wireless electric dog fence

Do Electric Dog Fences Work

When it comes to the question, do electric dog fences work, I wish I could tell you yes unequivocally. Yet, that has not been my experience. Over the years I’ve tried both underground electric dog fences – you know the kind you bury around the area and my latest attempt was using the Stay and Play wireless fence.

Admittedly I’m not the most patient person when it comes to training my dogs to stay within the fence boundary, so I can tell you how not to train a dog to use a wireless electric fence or even a buried electric fence. Perhaps I should have done more research before deciding to use an electric fence to contain my dogs while they were outside.

Electric dog fences do they work?

Electric Dog Fence Overview

Over all electric dog fences are one of the most economical dog containment systems, especially if you live in a area where you do not want to obstruct views with a big privacy fence. If you take the time to properly train your dog and electric dog fence can offer your pet the freedom to roam around your yard without you having to worry about them being outside unsupervised.

The training part can be time intensive, so if you are a person like me, who just needs to be able to either leave the dogs outside without spending the time to train them, then you might consider some other options. You need to have a containment system already in place while you are training your puppy to stay within the boundaries of the electric fence.

How do Electric Pet Fences work?

Electric fences work by means of electronic signals between the collar and the receiver wires around the boundaries of where you wish to keep your pet contained. Initially the training includes flags to warn the dog that they are getting into the danger zone. They will then hear a series of beeps. Should they continue on an electric shock is administered. This shock can be pretty intense, especially if your dog is smaller and has short hair.

The training process usually takes about 30 days of consistent training each day amounting to about 45 minutes. Depending on your dog this could take longer. My experience was that I led my dogs, one at a time, around the boundaries, then they bolted through the “fence” and were shocked, they then retreated to their house and would not come out again for almost a day! For me personally, it is just easier to tie them to a leash that allows them to run as fencing the area wasn’t an option. And my dogs are notorious for getting out of fences.

Things You Should Know About Electric Dog Fences:

  • You will need to install the receiver near an electrical outlet whether or not the cable is buried or wireless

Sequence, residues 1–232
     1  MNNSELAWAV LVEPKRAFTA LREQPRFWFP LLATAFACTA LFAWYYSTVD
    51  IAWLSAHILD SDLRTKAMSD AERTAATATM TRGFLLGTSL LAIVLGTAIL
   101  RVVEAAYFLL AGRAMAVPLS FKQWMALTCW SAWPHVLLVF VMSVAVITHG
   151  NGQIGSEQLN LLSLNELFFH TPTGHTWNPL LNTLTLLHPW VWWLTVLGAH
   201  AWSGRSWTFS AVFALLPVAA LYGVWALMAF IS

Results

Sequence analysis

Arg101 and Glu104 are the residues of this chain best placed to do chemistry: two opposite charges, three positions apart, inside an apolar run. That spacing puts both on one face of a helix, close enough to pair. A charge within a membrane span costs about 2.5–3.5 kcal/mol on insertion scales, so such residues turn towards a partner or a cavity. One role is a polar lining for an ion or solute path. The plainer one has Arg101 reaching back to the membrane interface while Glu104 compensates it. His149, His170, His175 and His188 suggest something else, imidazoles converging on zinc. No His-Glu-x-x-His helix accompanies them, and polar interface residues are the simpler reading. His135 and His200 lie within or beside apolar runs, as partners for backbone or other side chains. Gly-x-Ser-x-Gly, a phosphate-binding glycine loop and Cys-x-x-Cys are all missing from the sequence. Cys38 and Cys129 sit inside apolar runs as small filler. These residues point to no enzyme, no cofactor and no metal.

• You will need to have one collar for each dog
  • The fence will not protect your animal from other animals that might come into the yard and attack them – I read a story about a guy with a prized hunting dog that was killed when a timber wolf attacked that dog in his own electric fence yard! Very sad.
  • You will need to replace the batteries several times a year
  • You will need to make sure that power never gets disconnected

Other Options For Keeping Your Dog Secure:

There are always the traditional fence options. Fence options such as chain link, wood, plastic or welded wire are good alternatives. (Make sure they can’t squeeze through). There are many dog kennels on the market. These allow your dog to be secure while you have your dog in the yard unattended. You could also use lead lines that allow your dog to run but keep them secure in a particular area. As well as posts that allow your dog to move in all directions. Small dogs could benefit from a playpen designed specifically for them.

With any of the options you choose for securing your puppy outside, be sure to check on them often. And make sure that they have plenty of food and water available to them while they are outside.

Conclusion

To answer the question, do electric dog fences work? The answer would have to be yes, if you are willing to put in the time to train your dog. In my opinion, you should start the dog out early knowing where the boundaries they are to remain within are, without the collar attached. That way as they get older, they will know where they can go and not go. I think that you will have better success with a wireless electronic fence if you start the dog out with a wireless fence from the beginning.

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